Even if you manage to recognise the fiction of these beauty adverts, our television is waiting for us when we arrive home, primed to give us another unrealistic representation of body image. How often is the leading lady in your boxset or film conforming to ideal beauty standards? How often is it that even if she isn’t a typically beautiful, she’s able bodied, heteronormative and slim? How many storylines show the fat friend or the gay friend in a supporting role whilst any ethnic diversity can only be spotted in a smaller, less integral to the plotline role. How much of the leading lady’s journey to her happy ending first involves confirming to ideal beauty standards? Pretty Woman, She’s All That, The Princess Diaries. I could spend all day listing films and television shows that follow this pattern. I could spend all day trying to think of more than one example of marginalized bodies as leading roles. I can’t recommend Dietland on Amazon Prime or Queer Eye on Netflix enough!
Although women on television must be ‘more real’ than the bodies we see in adverts, this body type still matches only 5% of the population. This means that 95% of us look different to the images that we are subject to day in day out.
Sadly, instead of recognising that mainstreaming only 5 percent of the population as the problem it definitely is, we look to the only place we are seeing any difference (our own body) and begin to see that as the problem. We’re not aware that there has been a conscious decision by media outlets to represent such a tiny percentage and flaunt it as the majority. Our focus turns inwards, and we begin to ask ourselves: Why isn’t my skin as smooth? Why isn’t my tummy as toned or my legs as long? Why can’t I afford the must have beauty cream? How can the ladies on television eat ice cream and burgers, drink endless milkshakes and wine, never exercise and exist in tiny, straight sized bodies (yes Gilmore Girls I’m looking at you!) What is wrong with me!? The answer – NOTHING!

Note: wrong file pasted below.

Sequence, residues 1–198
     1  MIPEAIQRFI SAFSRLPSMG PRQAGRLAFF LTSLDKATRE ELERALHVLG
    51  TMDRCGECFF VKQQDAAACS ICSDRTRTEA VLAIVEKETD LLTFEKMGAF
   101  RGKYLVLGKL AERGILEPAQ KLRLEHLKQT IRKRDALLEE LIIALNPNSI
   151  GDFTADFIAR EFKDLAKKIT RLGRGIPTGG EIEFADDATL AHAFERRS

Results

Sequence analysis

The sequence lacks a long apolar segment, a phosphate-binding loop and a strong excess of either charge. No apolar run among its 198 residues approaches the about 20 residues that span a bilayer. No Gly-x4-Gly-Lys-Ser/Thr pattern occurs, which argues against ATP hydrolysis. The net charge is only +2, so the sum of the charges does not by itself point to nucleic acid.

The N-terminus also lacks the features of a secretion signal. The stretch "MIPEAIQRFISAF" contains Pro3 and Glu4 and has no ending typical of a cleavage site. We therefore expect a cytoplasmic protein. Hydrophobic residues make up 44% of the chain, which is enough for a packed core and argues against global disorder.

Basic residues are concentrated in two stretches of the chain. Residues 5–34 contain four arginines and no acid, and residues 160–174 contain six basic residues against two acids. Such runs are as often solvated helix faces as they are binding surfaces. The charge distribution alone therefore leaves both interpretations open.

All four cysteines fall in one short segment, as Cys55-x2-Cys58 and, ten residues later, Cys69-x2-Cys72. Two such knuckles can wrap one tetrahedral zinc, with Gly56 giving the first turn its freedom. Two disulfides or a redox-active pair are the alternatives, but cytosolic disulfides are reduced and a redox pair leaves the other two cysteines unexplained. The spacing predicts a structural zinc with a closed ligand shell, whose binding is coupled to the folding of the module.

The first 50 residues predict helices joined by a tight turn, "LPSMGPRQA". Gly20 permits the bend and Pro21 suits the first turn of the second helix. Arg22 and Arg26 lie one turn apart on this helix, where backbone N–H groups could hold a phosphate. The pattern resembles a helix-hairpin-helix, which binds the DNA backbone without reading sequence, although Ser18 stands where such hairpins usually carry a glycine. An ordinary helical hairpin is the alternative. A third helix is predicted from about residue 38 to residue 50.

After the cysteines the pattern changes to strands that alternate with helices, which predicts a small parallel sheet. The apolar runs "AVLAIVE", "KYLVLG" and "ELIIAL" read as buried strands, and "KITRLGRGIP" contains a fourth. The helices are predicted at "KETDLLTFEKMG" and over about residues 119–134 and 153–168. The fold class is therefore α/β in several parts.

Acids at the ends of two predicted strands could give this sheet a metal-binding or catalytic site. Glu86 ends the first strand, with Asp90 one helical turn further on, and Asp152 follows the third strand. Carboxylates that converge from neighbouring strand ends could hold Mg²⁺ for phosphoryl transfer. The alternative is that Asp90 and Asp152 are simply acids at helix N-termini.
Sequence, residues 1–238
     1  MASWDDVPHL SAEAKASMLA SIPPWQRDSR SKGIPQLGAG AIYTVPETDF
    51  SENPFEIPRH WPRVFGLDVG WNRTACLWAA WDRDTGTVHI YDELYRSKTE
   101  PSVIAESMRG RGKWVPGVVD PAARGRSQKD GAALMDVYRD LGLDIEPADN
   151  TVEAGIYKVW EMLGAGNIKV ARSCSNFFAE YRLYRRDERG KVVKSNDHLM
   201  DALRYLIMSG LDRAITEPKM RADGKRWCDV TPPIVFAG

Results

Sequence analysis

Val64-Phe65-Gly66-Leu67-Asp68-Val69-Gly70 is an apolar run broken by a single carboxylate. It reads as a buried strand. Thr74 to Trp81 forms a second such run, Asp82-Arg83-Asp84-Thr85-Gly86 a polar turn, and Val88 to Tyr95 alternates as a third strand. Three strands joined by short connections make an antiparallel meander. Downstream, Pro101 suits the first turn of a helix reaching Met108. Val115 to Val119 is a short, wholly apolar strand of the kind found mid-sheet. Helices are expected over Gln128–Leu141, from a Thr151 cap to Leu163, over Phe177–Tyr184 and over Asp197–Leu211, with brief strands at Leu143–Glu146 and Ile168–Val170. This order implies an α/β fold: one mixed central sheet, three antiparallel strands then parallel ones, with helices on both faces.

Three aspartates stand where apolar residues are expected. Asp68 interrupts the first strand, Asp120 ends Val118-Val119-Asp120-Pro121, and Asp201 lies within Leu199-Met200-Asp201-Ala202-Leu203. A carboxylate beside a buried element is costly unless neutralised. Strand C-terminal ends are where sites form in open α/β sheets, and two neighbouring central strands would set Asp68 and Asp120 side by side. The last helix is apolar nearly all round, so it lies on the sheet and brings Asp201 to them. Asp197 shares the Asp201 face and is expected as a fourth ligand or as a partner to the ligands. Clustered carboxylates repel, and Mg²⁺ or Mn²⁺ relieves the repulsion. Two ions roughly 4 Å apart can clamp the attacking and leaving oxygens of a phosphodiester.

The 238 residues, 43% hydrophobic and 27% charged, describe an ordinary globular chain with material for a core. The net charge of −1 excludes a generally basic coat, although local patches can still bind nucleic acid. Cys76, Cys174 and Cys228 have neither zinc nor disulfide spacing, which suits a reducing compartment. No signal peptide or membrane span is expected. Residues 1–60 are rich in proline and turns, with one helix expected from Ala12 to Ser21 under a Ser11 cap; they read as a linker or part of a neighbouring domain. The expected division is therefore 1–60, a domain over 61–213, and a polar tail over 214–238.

In 2010, a study by Alexandra Henrik’s looked at the impact that seeing these ideal body images can have on women’s self-esteem. It found that 95% of women over-estimated their body sizes, proving that what we see every day is impacting negatively on how we see ourselves. And whilst constant feelings of ‘not good enough’ are alone enough to negatively impact our mental health, if we don’t recognise the misrepresentation of what we are being shown (which I certainly didn’t for a long time) we may attempt to change or correct our situation to fit in. And as Meghan Jane Crabbe, author of Body Positive Power explains, choosing to conform has nothing to do with how smart we are. “Being smart has nothing to do with it. Let’s give [credit] where it’s really due: to every person who survives another day at war with their bodies because of the kind of poison that those magazines pedal. Whether it’s unrealistic airbrushing, lack of representation, or yet another: “How to Get Your Best Body Yet Article.” It is in the attempt to conform that our mental health takes another, severely detrimental hit.